Barb: Interesting story. An 11-year-old girl said bullying over her looks was so extreme that she was forced to go under the knife. Bella Harrington is from Virginia. She said she didn’t think much of her protruding ears until school bullies started taking notice.
Bella: They would always point it out. At first, I didn’t care about it and then the more people pointed it out is when I wanted to change it. I thought they sticked out way too much. When people in the summer would ask I wanted to go swimming or something, I’d be scared that they’d show.
Barb: Following years of bullying, her family made the decision to consult a cosmetic surgeon to get the procedure done, which pins back the ears. Joining us to talk about this is, because I think it’s an interesting dilemma at that age, and because it’s done as a result of bullying, one of our regular guests, founder of SpaMedica, one of Canada’s top cosmetic surgeons, Dr. Stephen Mulholland. Welcome to the show.
Dr. Stephen: Thank you, Barb. Interesting topic.
Barb: Yes, absolutely. Have you ever had a situation, anything like this?
Dr. Stephen: Well, I was bullied when I was young because I was far too intelligent, so I had to dumb myself down. I was able to solve that personally.
Barb: I’m meaning your clients.
Dr. Stephen: All kidding aside, all kidding aside. It is a sad, sad story and unfortunately or fortunately, this has been around a long time. If you think about our kids, particularly we’re lucky in Ontario with our health insurance plan. Kids born with let’s say, a cleft lip palate, the palate can get in the way of speech, so we fix the palate, but the cleft lip and nose is purely cosmetic and we do fix it because kids are very, very susceptible to self-image issues. All kids call them bullies, call them mean. We tend to pick out truly physical variants, outliers, really outstanding ears, weirdly shaped heads called craniofacial anomalies, or birth defects, vascular birth defects or pigmented birth defects or funny deformities of the fingers or outstanding ears in this case.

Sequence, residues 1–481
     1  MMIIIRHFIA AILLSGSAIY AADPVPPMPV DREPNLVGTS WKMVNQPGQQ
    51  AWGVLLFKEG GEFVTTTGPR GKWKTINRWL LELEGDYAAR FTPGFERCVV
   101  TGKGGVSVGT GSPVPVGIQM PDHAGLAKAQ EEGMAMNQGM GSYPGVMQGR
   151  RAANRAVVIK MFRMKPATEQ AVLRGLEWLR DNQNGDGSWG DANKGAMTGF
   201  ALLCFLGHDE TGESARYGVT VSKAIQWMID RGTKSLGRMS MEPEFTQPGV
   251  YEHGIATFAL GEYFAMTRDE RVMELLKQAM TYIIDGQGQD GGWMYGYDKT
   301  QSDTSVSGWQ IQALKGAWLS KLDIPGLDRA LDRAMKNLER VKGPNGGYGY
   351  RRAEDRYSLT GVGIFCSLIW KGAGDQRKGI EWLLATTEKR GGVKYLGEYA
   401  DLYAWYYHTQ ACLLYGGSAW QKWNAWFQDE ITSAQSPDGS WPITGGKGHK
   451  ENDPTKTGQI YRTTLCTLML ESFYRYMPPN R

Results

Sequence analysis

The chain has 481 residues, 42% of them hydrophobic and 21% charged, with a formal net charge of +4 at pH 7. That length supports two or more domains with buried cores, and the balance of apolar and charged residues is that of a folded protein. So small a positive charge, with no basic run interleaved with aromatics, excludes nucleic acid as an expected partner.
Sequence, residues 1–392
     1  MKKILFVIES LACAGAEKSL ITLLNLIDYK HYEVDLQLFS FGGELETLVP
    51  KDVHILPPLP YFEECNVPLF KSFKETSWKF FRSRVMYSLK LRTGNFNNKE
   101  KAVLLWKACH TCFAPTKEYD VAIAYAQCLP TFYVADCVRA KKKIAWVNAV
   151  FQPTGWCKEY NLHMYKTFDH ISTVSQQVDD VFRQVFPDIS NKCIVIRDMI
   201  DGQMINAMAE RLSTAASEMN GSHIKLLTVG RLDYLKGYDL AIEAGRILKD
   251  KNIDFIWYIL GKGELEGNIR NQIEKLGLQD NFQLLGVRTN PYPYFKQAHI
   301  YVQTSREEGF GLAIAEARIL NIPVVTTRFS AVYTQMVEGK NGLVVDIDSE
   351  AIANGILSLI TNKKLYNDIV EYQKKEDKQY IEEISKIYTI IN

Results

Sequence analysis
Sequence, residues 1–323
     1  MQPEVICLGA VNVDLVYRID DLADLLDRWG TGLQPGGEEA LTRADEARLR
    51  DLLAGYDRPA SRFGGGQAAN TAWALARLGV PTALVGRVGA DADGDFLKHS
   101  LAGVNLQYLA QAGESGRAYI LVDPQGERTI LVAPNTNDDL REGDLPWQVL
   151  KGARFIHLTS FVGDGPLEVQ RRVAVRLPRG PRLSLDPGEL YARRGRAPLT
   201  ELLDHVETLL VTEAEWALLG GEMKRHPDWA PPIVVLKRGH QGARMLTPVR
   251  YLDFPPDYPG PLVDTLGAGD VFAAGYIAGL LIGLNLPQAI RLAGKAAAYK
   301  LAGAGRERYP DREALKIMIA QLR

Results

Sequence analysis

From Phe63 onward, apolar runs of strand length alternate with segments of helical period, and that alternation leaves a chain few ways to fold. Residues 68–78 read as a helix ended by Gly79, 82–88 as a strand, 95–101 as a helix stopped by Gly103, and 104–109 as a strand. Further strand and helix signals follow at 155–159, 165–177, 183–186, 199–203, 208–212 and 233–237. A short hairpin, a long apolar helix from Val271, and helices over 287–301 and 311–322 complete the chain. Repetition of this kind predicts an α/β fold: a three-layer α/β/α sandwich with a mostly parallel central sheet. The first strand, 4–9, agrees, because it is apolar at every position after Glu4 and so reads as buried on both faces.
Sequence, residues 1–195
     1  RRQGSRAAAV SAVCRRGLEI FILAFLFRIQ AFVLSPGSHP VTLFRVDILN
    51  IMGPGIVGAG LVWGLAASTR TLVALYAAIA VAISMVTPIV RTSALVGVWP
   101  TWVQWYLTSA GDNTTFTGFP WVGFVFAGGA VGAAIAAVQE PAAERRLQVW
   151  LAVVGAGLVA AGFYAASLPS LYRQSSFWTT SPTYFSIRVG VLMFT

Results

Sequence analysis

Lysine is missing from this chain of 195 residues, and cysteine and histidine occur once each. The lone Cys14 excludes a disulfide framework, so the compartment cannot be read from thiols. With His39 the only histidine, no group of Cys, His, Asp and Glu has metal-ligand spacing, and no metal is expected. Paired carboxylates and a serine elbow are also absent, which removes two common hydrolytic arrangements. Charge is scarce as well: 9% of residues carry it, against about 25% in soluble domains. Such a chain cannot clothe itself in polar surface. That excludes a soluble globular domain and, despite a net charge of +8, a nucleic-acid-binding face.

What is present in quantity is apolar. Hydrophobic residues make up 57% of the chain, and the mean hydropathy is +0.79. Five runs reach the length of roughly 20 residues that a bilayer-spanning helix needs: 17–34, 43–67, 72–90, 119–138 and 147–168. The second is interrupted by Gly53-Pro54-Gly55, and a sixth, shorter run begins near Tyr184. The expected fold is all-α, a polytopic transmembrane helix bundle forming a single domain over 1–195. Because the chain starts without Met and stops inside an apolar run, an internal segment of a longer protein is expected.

Study after study shows that if kids enter school age and get teased, you could call it bullied because that’s politically correct now, but they get teased, it really affects their self-image for years and years to come. In Ontario, if you have outstanding ears, you can get your ears pinned as a child. Before the age of 15, it’s covered by [inaudible 00:02:29]. You can get your cleft lip fixed, your cleft nose fixed. You can get your birth defect that’s quite visible, the big purple ones or the brown ones removed by laser.
We’ve learned a long time ago, and in Canada at least, that these can really affect kids’ self-image and self-worth, and that the healthcare system will pay for young kids with defined abnormalities. We’re not talking about a 13, 14 year old girl who figures that her lips aren’t big enough like Kardashian or her bum’s not full enough. Those are truly self-image issues that adolescents need to work with, but true physical defects, like this young girl’s, which don’t bother her at all until she’s at school age and then she gets teased, and of course, it can create real complexes.
I think that trying to get to the heart of the issue, should cosmetic surgery be part of a teenager’s or pre-teen’s development process? Absolutely not, but if you have a true abnormality, a hereditary or traumatic deformity from an accident or birth, of course it should be fixed because it affects your self-image during those vital years of development.
Barb: Would you consider the ears sticking out a deformity?
Dr. Stephen: I think we have to have measurements. We have under 11 millimeters from the conchal bowl, which is the big salad bowl part of your ear, or 50 millimeters from the tip of the edge to your bone behind the ear is considered normal. If it’s more than that, it’s outstanding, but it’s just a little bit. If it actually is, we’ve all teased kids, I’m sure, kids with Dumbo ears, where it’s just clearly outside the norm. If you send a photo and you write a letter, as a plastic surgeon, it’ll be covered, as it should.
Barb: Great information. Good to know. Dr. Stephen Mulholland, thank you so much for this.
Dr. Stephen: Thank you again, Barb.
Barb: All right. Talk to you soon. Dr. Stephen Mulholland is the founder of SpaMedica, one of Canada’s top cosmetic surgeons.